Moving on. The Fedspeak yesterday was again mostly focused on the non-voting Boston Fed’s Rosengren (who appears to have been particularly busy this week). The most significant takeaway from his speech was his mention of unwinding the balance sheet as being “appropriate” after one more rate hike (his call is for 3 more this year to prevent any overheating). Away from this and with regards to the macro data, in the US the import price index was revealed as rising more than expected in April (+0.5% mom vs. +0.1% expected) with ex-petroleum also high at +0.4% mom. The other data released was the federal budget which showed a budget surplus of $182bn which was more or less in line with market expectations.

Staying with the US, it’s worth highlighting that yesterday our US economists made changes to their forecasts in light of recent economic data and other developments. They argue that the passage of legislation entailing a substantial tax cut and significant fiscal stimulus now seems much less likely than it did in the wake of the US election results. Accordingly, they have marked down their forecast for US growth this year by a couple tenths (to a still above-consensus 2½%) and for 2018 by a full percentage point (to 2¼%). Despite the markdown of their growth forecast, their outlook for unemployment, inflation, and the Fed has moved in a slightly more hawkish direction. This is partly because smaller tax cuts and lower investment spending yield smaller gains in labour productivity and a slower pick up in supply-side growth. But they also think that the cyclical rebound in labour force participation now appears to have less room to run than they had assumed previously, resulting in an unemployment rate that falls noticeably below 4% next year. Recent soft inflation prints will weigh on core inflation in the near-term, which, combined with recent commodity price softness, will lower headline inflation. But they expect an uptrend in core inflation to resume later this year, with core PCE rising above the Fed’s 2% inflation target by end-2018. Their Fed outlook remains more hawkish than that implied by the median dot in the Fed’s own projections. They continue to expect two more rate hikes this year with the next occurring in June, and the Fed should announce the start of phasing out its reinvestment policy by year-end. In 2018, they expect the Fed to raise rates four times.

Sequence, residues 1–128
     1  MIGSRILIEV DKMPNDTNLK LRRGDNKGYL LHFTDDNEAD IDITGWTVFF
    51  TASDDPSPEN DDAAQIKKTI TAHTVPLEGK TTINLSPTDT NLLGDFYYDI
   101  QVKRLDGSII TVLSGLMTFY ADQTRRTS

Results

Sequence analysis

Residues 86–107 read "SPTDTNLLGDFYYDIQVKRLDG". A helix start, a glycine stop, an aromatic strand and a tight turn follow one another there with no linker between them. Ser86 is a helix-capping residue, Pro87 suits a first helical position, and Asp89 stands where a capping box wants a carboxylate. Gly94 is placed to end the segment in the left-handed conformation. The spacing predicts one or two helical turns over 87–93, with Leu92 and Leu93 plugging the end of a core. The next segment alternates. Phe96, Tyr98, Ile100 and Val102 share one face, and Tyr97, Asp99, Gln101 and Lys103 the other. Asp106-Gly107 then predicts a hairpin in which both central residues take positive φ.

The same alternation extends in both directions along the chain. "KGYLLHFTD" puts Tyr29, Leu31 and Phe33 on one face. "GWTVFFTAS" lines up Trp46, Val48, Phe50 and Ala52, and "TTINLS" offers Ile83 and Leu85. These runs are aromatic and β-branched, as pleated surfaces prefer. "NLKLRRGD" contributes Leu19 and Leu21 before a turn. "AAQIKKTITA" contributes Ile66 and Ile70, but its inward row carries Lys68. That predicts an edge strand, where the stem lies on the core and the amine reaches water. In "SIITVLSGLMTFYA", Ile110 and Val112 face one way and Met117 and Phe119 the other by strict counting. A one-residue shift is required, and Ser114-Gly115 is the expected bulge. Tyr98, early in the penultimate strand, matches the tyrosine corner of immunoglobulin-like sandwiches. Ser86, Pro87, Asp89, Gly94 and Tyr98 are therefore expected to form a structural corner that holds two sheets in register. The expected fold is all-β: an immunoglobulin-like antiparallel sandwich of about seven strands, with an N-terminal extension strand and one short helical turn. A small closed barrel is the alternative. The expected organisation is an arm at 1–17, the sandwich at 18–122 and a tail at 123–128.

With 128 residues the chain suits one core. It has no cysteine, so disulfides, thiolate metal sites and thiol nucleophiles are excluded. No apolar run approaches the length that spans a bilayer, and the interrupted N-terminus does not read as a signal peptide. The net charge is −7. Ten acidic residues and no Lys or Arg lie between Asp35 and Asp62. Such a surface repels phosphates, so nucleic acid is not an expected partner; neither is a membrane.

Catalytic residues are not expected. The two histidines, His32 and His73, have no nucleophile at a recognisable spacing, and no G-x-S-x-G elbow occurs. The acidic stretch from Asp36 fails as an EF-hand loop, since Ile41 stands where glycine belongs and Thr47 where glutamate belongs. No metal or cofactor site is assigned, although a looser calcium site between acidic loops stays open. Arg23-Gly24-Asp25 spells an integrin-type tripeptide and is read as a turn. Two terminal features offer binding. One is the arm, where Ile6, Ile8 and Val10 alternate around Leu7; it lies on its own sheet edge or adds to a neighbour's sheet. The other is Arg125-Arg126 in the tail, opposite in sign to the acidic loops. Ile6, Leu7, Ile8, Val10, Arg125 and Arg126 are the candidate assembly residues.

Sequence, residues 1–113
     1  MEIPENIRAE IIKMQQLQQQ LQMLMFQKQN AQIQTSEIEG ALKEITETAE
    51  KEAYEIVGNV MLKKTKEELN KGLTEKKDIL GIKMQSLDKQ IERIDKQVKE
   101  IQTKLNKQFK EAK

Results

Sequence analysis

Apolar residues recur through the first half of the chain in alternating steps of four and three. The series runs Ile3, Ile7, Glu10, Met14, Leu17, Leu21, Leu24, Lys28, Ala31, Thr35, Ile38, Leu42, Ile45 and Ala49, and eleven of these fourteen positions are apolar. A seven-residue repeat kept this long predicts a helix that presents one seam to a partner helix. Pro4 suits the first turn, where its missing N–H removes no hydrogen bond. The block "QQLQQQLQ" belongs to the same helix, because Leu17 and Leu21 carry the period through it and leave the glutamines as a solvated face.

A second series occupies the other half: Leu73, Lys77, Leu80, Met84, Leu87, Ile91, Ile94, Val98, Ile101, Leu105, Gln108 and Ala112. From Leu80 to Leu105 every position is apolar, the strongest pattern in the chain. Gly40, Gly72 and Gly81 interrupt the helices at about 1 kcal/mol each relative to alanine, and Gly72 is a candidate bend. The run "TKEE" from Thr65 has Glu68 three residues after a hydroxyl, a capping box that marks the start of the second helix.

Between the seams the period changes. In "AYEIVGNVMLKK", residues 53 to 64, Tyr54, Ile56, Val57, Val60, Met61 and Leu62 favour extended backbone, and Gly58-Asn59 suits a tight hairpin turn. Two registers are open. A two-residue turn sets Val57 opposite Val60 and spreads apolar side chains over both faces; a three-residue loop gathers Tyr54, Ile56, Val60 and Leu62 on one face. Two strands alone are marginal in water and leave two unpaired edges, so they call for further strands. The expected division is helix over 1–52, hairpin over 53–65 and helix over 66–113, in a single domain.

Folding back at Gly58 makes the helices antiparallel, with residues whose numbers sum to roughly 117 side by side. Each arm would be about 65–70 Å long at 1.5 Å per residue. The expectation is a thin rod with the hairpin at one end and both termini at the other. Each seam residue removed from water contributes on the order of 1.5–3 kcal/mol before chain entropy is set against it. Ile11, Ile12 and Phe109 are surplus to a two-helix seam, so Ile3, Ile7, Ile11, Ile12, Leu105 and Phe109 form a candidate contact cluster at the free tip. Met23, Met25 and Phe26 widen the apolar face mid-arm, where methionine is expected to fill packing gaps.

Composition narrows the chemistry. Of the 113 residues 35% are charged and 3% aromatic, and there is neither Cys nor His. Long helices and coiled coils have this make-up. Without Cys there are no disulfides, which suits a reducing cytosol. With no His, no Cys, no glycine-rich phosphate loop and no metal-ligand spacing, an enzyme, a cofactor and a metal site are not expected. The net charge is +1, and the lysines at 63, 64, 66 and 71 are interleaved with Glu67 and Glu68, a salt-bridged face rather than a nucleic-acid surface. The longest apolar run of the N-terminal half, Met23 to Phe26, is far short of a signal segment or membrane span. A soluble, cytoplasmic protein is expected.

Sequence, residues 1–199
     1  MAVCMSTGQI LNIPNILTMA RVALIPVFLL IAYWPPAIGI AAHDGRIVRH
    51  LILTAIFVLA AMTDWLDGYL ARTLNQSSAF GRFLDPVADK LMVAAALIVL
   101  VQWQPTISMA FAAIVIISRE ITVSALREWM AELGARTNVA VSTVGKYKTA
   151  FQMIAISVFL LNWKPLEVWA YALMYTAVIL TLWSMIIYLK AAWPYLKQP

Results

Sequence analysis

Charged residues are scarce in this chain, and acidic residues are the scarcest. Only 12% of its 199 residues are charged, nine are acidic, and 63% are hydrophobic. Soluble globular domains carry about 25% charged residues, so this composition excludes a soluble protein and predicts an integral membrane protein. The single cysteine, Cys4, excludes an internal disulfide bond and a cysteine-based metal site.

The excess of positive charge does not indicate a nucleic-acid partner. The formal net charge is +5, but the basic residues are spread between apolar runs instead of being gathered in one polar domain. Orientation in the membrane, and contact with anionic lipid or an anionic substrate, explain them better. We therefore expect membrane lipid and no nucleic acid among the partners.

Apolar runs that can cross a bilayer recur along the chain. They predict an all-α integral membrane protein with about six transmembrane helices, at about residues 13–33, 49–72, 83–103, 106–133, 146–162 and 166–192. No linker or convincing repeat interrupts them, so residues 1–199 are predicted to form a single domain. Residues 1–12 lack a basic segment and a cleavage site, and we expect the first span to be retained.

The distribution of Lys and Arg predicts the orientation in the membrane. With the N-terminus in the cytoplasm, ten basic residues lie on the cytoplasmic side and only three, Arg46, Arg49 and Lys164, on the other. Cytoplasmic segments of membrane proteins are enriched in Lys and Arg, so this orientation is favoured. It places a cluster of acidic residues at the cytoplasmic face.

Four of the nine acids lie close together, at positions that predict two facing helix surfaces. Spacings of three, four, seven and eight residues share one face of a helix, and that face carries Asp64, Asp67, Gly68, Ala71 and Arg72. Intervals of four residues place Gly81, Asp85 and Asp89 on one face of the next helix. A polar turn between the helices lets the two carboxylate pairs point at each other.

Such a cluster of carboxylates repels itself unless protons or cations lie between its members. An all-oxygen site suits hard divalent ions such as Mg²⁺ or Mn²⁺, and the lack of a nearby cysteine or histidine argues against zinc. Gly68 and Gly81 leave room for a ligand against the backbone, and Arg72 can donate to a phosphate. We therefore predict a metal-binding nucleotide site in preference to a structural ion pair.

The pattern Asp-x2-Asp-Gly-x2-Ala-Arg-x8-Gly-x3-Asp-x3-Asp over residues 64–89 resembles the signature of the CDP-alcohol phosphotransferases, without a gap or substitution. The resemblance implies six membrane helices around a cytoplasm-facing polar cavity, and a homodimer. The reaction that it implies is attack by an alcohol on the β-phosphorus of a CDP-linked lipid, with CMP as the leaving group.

Looking at the day ahead, this morning in Europe the main data of note is from the UK where the March industrial and manufacturing production report is due (both expected to decline slightly) along with the March trade balance reading. Also due out today are the latest economic forecasts from the European Commission. All this comes before the aforementioned BoE policy meeting at midday. Over in the US this afternoon the April PPI report is due, along with the latest weekly initial jobless claims print. Away from the data, the Fed’s Dudley is scheduled to speak at 11.25am BST on the topic of globalization. The ECB’s Praet also speaks this afternoon while BoE Governor Carney speaks after the BoE meeting decision. G7 finance ministers also meet in Italy for the start of a three-day meeting today.